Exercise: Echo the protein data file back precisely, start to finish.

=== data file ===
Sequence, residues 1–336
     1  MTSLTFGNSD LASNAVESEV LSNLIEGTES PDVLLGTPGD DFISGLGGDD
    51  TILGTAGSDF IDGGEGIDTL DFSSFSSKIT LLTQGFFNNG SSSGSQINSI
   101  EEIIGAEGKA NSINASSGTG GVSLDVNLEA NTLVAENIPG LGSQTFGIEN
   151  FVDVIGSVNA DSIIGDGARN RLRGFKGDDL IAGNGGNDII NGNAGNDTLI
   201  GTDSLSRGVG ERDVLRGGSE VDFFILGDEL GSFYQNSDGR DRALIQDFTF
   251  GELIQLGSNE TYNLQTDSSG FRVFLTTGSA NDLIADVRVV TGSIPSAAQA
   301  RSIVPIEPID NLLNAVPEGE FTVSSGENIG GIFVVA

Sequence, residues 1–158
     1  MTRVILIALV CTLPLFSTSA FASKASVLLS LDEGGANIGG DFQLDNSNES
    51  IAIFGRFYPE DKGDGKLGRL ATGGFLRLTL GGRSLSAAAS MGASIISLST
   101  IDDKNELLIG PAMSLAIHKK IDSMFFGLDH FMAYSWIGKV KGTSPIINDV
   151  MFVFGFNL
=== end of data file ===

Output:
Sequence, residues 1–336
     1  MTSLTFGNSD LASNAVESEV LSNLIEGTES PDVLLGTPGD DFISGLGGDD
    51  TILGTAGSDF IDGGEGIDTL DFSSFSSKIT LLTQGFFNNG SSSGSQINSI
   101  EEIIGAEGKA NSINASSGTG GVSLDVNLEA NTLVAENIPG LGSQTFGIEN
   151  FVDVIGSVNA DSIIGDGARN RLRGFKGDDL IAGNGGNDII NGNAGNDTLI
   201  GTDSLSRGVG ERDVLRGGSE VDFFILGDEL GSFYQNSDGR DRALIQDFTF
   251  GELIQLGSNE TYNLQTDSSG FRVFLTTGSA NDLIADVRVV TGSIPSAAQA
   301  RSIVPIEPID NLLNAVPEGE FTVSSGENIG GIFVVA

Sequence, residues 1–158
     1  MTRVILIALV CTLPLFSTSA FASKASVLLS LDEGGANIGG DFQLDNSNES
    51  IAIFGRFYPE DKGDGKLGRL ATGGFLRLTL GGRSLSAAAS MGASIISLST
   101  IDDKNELLIG PAMSLAIHKK IDSMFFGLDH FMAYSWIGKV KGTSPIINDV
   151  MFVFGFNL